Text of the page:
Umapati, Umāpati, Uma-pati: 6 definitions
Umapati means something in Hinduism, Sanskrit. If you want to know the exact meaning, history, etymology or English translation of this term then check out the descriptions on this page. Add your comment or reference to a book if you want to contribute to this summary article.
Purana and Itihasa (epic history)Source: Cologne Digital Sanskrit Dictionaries: The Purana Index
- 1) Bhāgavata-purāṇa X. 52. 43; Matsya-purāṇa 185. 24; 274. 15; Viṣṇu-purāṇa V. 33. 40 and 45.
- 2) Vāyu-purāṇa 25. 2.
Umāpati (उमापति) is a name mentioned in the Mahābhārata (cf. XIV.8) and represents one of the many proper names used for people and places. Note: The Mahābhārata (mentioning Umāpati) is a Sanskrit epic poem consisting of 100,000 ślokas (metrical verses) and is over 2000 years old.
The Purana (पुराण, purāṇas) refers to Sanskrit literature preserving ancient India’s vast cultural history, including historical legends, religious ceremonies, various arts and sciences. The eighteen mahapuranas total over 400,000 shlokas (metrical couplets) and date to at least several centuries BCE.
Shaivism (Shaiva philosophy)Source: Wisdom Library: Śaivism
Umāpati (उमापति) is the Sanskrit name of a deity presiding over Ambikā, one of the sixty-eight places hosting a svāyambhuvaliṅga, which is one of the most sacred of liṅgas according to the Śaivāgamas. The list of sixty-eight svāyambhuvaliṅgas and presiding deities (eg., Umāpati) is found in the commentary on the Jirṇoddhāra-daśaka by Nigamajñānadeva. The word liṅga refers to a symbol used in the worship of Śiva and is used thoughout Śaiva literature, such as the sacred Āgamas.
Shaiva (शैव, śaiva) or Shaivism (śaivism) represents a tradition of Hinduism worshiping Shiva as the supreme being. Closely related to Shaktism, Shaiva literature includes a range of scriptures, including Tantras, while the root of this tradition may be traced back to the ancient Vedas.
Chandas (prosody, study of Sanskrit metres)Source: Shodhganga: a concise history of Sanskrit Chanda literature
Umāpati (उमापति) (19th century) was a scholar of Sanskrit metrics, who flourished in 19th Century. The lone work of Umāpati available to us is Vṛttavārttika. Though the text Vṛttavārttika is not available with us, John C. Mesfield says that Vṛttavārttika contains chāyā prosody consisting of 600 ślokas.
Chandas (छन्दस्) refers to Sanskrit prosody and represents one of the six Vedangas (auxiliary disciplines belonging to the study of the Vedas). The science of prosody (chandas-shastra) focusses on the study of the poetic meters such as the commonly known twenty-six metres mentioned by Pingalas.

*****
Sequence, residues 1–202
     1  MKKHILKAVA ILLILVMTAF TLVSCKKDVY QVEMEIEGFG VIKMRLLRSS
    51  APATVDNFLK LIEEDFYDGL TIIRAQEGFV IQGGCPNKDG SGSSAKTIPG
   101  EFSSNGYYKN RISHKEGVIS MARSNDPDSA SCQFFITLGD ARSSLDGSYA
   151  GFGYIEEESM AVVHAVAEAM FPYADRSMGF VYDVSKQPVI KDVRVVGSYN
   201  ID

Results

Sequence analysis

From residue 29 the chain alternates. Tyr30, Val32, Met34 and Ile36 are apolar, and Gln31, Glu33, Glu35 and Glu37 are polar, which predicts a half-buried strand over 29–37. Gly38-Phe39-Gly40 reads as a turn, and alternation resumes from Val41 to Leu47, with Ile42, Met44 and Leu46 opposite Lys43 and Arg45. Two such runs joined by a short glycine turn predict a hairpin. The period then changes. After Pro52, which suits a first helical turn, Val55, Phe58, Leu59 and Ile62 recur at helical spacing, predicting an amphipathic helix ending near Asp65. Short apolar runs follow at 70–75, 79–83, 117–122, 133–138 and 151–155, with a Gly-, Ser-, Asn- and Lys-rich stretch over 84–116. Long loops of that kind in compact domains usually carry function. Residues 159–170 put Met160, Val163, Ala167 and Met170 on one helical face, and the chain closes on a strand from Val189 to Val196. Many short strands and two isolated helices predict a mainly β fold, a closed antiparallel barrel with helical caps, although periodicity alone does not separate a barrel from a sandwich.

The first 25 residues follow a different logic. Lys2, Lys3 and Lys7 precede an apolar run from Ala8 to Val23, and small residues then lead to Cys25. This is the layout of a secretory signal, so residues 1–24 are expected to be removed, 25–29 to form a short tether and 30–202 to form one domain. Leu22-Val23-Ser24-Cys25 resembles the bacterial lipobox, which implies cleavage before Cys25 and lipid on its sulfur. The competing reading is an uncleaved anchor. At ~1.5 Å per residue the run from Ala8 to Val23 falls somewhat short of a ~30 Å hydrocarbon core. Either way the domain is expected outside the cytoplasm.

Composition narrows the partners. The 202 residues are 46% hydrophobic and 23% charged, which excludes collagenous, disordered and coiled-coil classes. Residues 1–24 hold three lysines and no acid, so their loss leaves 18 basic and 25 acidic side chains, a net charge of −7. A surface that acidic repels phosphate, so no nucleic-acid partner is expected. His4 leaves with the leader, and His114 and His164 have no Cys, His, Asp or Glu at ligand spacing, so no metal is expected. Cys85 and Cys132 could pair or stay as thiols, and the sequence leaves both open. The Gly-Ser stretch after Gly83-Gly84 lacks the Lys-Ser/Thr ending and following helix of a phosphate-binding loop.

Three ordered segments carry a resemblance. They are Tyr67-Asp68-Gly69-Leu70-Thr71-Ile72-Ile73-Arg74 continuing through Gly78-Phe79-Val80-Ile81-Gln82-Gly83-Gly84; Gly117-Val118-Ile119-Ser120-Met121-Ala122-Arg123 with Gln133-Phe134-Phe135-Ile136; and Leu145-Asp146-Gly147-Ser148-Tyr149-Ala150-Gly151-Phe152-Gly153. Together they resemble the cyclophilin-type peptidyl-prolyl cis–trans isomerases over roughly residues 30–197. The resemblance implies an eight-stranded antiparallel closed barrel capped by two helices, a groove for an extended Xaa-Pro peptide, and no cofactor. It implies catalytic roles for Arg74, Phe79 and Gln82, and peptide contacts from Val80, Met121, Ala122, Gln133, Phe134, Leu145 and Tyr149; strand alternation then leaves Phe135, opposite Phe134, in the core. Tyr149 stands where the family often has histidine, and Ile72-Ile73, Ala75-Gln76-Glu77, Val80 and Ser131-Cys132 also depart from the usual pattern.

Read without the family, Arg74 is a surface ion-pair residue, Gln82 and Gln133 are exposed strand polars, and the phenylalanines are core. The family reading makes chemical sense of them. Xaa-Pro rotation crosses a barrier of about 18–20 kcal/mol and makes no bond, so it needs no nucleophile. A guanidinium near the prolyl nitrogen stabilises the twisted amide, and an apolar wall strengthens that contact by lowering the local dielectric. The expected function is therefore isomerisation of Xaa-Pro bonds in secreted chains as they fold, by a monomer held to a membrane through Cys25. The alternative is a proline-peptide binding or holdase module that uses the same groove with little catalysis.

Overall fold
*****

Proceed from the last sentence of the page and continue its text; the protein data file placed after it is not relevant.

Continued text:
Languages of India and abroad
Sanskrit-English dictionarySource: DDSA: The practical Sanskrit-English dictionary
Umāpati (उमापति).—Name of Śiva; मुहु- रनुस्मरयन्तमनुक्षपं त्रिपुरदाहमुमापतिसेविनः (muhu- ranusmarayantamanukṣapaṃ tripuradāhamumāpatisevinaḥ) Ki.5.14; so °ईशः, °वल्लभः, °सहायः (īśaḥ, °vallabhaḥ, °sahāyaḥ) &c.
Derivable forms: umāpatiḥ (उमापतिः).
Umāpati is a Sanskrit compound consisting of the terms umā and pati (पति).Source: Cologne Digital Sanskrit Dictionaries: Shabda-Sagara Sanskrit-English Dictionary
(-tiḥ) A name of Siva. E. umā and pati master; the husband of Uma.
Sanskrit, also spelled संस्कृतम् (saṃskṛtam), is an ancient language of India commonly seen as the grandmother of the Indo-European language family. Closely allied with Prakrit and Pali, Sanskrit is more exhaustive in both grammar and terms and has the most extensive collection of literature in the world, greatly surpassing its sister-languages Greek and Latin.
See also (Relevant definitions)
Full-text (+8): Aumapata, Dambhidambholi, Dalapati, Shuddharaga, Umesha, Ratnapati, Chayalaga, Vimshatika, Janya, Raganga, Premanidhi, Kriyanga, Bhashanga, Umapati tripathin, Umapatidhara, Sankirna, Salaga, Shataratnasamgraha, Premanidhi pantha, Vrittaprakasha.
Search found 11 books and stories containing Umapati, Umāpati, Uma-pati, Umā-pati; (plurals include: Umapatis, Umāpatis, patis). You can also click to the full overview containing English textual excerpts. Below are direct links for the most relevant articles:
List of Mahabharata people and places (by Laxman Burdak)
Brihad Bhagavatamrita (by Śrīla Sanātana Gosvāmī)
Later Chola Temples (by S. R. Balasubrahmanyam)
Temples in Chidambaram (Parakesarinallur) < [Chapter IV - Temples of Vikrama Chola’s Time]
Temples in Chidambaram < [Chapter VI - Temples of Kulottunga II’s Time]
A History of Indian Philosophy Volume 5 (by Surendranath Dasgupta)
Part 3 - Māṇikka-vāchakar and Śaiva Siddhānta < [Chapter XXXVIII - Śaiva Philosophy in some of the Important texts]
Part 2 - The Śaiva Ideas of Māṇikka-vāchakar in the Tiru-vāchaka < [Chapter XXXVIII - Śaiva Philosophy in some of the Important texts]
Part 1 - The Literature and History of Southern Śaivism < [Chapter XXXIV - Literature of Southern Śaivism]
The Bhagavata Purana (by A.C. Bhaktivedanta Swami Prabhupada)
Chapter 76 - The Battle Between Salva and the Vrsnis < [Canto X - The Summum Bonum]
The Brahmanda Purana (by G.V. Tagare)
Chapter 24 - Paraśurāma’s penance (c): his acquisition of the knowledge of Astras < [Section 3 - Upodghāta-pāda]